Stout Grove redwood trees at Redwood National Park

a look up at 300 foot redwood trees at Redwood National Park

More Photos from Stout Grove hike

A placard at the beginning of the trail gives a brief explanation on how this redwood grove came to be:

Stout Memorial Grove

Stout Grove, a majestic example of an ancient coast redwood forest, is often considered to be the heart of Jedediah Smith Redwoods State Park. In 1929, Mrs. Clara Stout donated this 44-acre grove to the Save-the-Redwoods League to save it from being logged and to memorialize her husband, lumber baron Frank D. Stout. Today, land continues to be added to these northernmost parks through the efforts of the League.

A walk along this loop trail reveals colossal redwoods thriving in rich soil deposited during periodic flooding of the Smith River. Here, waist-high sword ferns carpet the forest floor and normally flared tree bases are covered in river soils. Flood waters inhibit the growth of understory trees and plants seen in other groves, leaving the 300-foot redwoods as the main attraction

Here is a short video clip as I walked a portion of the Stout Grove loop:

Directions: Drive east on Highway 199 and turn right on South Fork Road (about 2 miles past the National Parks Visitors center). Continue .5 miles across 2 bridges — at the “Y” in the road, turn right onto Douglas Park Road. Continue until the pavement ends at which point the road changes to Howland Hill. Continue approximately 1 mile on the gravel road to a paved road on the right — park in the lot and walk down the ramp to the 1/3 mile loop hike.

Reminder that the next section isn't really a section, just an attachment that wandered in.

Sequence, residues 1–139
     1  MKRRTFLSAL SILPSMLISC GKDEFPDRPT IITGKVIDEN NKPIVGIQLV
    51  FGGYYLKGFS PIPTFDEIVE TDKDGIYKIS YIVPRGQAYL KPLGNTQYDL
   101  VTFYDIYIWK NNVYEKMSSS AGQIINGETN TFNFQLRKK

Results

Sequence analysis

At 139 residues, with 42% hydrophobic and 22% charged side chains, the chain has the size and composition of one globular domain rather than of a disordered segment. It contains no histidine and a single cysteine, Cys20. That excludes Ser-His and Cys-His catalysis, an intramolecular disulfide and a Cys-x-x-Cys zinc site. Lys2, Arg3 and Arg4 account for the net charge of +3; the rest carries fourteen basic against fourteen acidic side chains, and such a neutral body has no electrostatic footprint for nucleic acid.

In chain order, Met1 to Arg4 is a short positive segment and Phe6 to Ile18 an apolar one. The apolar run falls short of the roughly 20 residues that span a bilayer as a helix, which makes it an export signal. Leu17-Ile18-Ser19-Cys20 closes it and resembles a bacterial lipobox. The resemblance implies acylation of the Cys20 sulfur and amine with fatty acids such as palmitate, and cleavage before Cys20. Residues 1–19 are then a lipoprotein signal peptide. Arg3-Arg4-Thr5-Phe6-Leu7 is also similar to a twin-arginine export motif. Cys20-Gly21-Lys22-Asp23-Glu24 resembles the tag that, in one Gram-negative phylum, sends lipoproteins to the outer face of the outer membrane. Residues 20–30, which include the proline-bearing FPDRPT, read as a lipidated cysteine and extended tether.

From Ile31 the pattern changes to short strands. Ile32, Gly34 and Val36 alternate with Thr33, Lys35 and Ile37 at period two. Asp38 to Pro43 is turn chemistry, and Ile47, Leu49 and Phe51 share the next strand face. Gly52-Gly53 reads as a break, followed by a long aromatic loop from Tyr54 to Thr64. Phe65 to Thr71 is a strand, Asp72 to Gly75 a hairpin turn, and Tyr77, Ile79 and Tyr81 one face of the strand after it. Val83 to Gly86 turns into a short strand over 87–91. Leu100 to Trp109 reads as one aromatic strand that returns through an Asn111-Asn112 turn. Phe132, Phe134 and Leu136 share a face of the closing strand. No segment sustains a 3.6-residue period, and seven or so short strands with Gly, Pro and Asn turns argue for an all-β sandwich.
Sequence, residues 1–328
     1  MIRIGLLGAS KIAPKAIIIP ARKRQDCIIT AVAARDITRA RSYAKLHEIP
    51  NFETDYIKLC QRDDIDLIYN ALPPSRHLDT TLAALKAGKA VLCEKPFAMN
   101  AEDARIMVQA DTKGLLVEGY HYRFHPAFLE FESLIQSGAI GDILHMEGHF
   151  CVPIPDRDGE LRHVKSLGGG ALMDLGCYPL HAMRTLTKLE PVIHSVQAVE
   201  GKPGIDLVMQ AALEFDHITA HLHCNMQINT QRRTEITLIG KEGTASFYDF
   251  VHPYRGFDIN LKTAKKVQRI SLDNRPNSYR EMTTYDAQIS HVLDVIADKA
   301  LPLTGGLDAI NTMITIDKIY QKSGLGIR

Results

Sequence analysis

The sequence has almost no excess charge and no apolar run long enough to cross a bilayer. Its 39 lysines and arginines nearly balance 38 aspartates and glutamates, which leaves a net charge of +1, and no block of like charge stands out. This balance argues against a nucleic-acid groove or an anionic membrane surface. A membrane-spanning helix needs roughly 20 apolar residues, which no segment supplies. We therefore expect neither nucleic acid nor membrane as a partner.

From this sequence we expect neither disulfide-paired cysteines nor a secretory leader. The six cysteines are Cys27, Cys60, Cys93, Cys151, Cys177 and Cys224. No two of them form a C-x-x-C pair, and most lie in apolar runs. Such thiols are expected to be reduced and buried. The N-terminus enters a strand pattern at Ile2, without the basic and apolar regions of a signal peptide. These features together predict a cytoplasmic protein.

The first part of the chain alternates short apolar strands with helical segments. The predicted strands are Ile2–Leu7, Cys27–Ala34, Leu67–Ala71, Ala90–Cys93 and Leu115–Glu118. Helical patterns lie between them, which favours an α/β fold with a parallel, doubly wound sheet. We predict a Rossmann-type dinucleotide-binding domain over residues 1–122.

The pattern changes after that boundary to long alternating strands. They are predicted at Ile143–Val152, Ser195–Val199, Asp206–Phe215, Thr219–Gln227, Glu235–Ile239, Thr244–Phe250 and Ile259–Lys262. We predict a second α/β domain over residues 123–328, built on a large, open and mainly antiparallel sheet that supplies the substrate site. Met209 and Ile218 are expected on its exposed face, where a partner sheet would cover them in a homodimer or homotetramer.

Fern Canyon Redwood National Park

If you like the idea of exploring areas that seem like lost worlds, you will truly enjoy Fern Canyon in Prairie Creek Redwoods state park (CA) which is part of Redwood National Park. While you definitely should take some time to enjoy Gold Bluffs Beach (since many will ignore it), that doesn’t mean that you want to miss Fern Canyon which is about another 2 miles down the road. An informational sign at the trailhead next to the parking lot gives the following description of Fern Canyon:

Millions of years ago, a retreating sea left these coastal bluffs behind. Waters draining to the ocean sculpted the rocky formations into sheer canyon walls. Some of the exquisite ferns now clinging to the steep, shadowy cliffs are ancient species whose ancestry can be traced back 325 million years.

The canyon is now shrouded with lush five-fingered ferns, dark green sword ferns, and delicate lady ferns. Scouring winter floods periodically rush through the canyon, sweeping debris from its floor. Spruce and red alder saplings often survive for a few years on small terrace ledges, but they rarely reach maturity before falling off or being swept away.

Seeping water supply year-round dampness for the dense foliage and provide habitat for a diverse mix of moisture loving creatures such as salamanders, frogs and dippers. Several perennial waterfalls cascade from the canyon rim, adding to the cool moist canyon microclimate.

It’s less than a quarter of a mile to the canyon entrance, and you’ll immediately see that you’re in for a wonderful journey as light makes its way sporadically through the thick foliage:

Looking out the Fern Canyon entrance at Redwood National Park